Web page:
There is growing evidence of the health benefits of urban green spaces such as parks and blue spaces such as rivers and lakes. Spending time outdoors in nature may be especially good for seniors. Being exposed to even small amounts of available green and blue space may improve older adults' mental and physical health, a Washington State University study shows.
“Loss of green and blue spaces to rapid urban development may have a negative environmental impact, and a negative public health impact as well,” Adithya Vegaraju, first author on the study, said in a statement.
People living in areas with just 10 percent more forest space within their ZIP codes reported lower levels of psychological distress and fewer mental health issues.
Nearly 43,000 people filled out the Behavioral Risk Factor Surveillance Survey (BRFF). Participants all lived in urban areas of Washington State between 2011 and 2019 and filled out questionnaires about their general and mental health and level of psychological distress. Then Vegaraju and his colleague, Solmaz Amiri, analyzed their responses.
When the researchers presented their preliminary results in April 2023, they only looked at the association between severe psychological distress and the distance to the nearest green spaces and blue spaces. In the final version of the study, they also assessed the amount of tree cover, forested areas, open spaces and the length of trails within participants' residential ZIP codes.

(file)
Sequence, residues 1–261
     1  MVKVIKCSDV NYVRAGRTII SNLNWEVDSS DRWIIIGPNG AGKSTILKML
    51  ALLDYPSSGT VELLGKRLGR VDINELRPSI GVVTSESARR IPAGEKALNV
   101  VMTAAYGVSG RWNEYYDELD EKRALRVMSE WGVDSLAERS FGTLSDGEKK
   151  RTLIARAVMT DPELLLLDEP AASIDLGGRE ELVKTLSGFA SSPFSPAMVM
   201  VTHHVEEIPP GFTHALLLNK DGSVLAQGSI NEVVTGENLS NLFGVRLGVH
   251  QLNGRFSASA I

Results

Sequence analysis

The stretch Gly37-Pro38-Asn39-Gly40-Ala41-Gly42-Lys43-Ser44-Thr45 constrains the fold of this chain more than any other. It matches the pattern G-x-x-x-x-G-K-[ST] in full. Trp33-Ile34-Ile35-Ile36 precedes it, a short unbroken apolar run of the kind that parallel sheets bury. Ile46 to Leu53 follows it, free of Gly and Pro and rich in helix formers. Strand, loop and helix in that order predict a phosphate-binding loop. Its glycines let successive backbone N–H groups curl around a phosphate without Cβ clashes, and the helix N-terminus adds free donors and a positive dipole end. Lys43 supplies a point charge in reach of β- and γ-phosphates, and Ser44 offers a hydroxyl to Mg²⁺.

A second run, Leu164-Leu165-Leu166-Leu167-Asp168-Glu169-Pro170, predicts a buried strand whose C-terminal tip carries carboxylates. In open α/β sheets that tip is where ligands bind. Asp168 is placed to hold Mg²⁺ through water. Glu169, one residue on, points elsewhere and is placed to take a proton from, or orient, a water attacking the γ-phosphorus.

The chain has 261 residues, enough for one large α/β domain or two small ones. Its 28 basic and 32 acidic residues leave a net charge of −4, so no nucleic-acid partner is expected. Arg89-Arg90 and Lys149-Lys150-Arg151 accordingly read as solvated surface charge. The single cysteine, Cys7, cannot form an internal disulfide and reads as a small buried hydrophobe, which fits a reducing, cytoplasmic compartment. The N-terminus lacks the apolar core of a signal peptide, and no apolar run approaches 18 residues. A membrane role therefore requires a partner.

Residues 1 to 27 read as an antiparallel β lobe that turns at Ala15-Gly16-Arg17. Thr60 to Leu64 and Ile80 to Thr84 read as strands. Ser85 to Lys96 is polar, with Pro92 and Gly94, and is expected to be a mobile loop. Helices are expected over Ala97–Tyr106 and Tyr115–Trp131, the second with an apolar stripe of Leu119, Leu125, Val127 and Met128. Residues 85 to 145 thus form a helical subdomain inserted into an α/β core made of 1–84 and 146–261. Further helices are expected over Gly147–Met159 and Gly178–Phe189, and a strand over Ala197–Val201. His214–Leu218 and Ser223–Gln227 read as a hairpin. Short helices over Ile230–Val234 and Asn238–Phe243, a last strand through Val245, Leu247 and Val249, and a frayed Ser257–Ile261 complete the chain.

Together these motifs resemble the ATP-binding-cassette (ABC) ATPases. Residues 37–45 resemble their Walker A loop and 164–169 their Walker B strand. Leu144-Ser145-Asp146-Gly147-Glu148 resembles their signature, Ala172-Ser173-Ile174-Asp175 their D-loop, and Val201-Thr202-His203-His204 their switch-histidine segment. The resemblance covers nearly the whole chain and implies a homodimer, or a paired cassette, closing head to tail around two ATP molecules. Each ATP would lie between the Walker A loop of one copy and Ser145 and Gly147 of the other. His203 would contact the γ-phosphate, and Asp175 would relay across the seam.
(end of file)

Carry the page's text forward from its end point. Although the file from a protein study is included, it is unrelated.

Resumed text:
People living in areas with just 10 percent more forest space within their ZIP code reported lower levels of psychological distress, as well as fewer mental health issues that required treatment or interfered with their lives. And a ten percent increase in tree cover, green space, bodies of water and trail length made people less likely to rate their general health as fair or poor.
The survey responses included in the study were all from participants who were at least 65 years old. Older persons are particularly vulnerable to mental health conditions such as depression, which can increase their risk of cognitive decline or dementia. They are also less likely to receive treatment for these conditions.
“Older adults with depression or other mental health issues are known to be more resistant to medical interventions or talk therapy, which are the go-to treatments for these conditions,” Vegaraju, a medical student at the Elson S. Floyd College of Medicine at Washington State, told TheDoctor. Spending time outdoors could be a way to improve mental health outcomes in older persons who are reluctant to try other types of therapy.
Almost two percent of the urban seniors had signs of severe psychological distress, and 19 percent reported fair to poor general health.
One solution might be for healthcare providers to give older persons a nature prescription, advising them to spend more time outdoors.
Unfortunately, the underlying reasons for the health benefits of spending time in nature are not yet well understood. It is possible that time in nature helps by reducing stress and fatigue, encouraging physical activity and increasing seniors' opportunities for social interaction. But all these "explanations" are as yet unproven, Vegaraju pointed out.
More research needs to be done to determine exactly how exposure to green and blue spaces benefits mental and physical health, Amiri, the study's senior author and a research assistant professor at Washington State, explained. He hopes next to examine the link between exposure to nature and cognitive decline, an early sign of dementia or Alzheimer’s disease.
The study is published in Health & Place.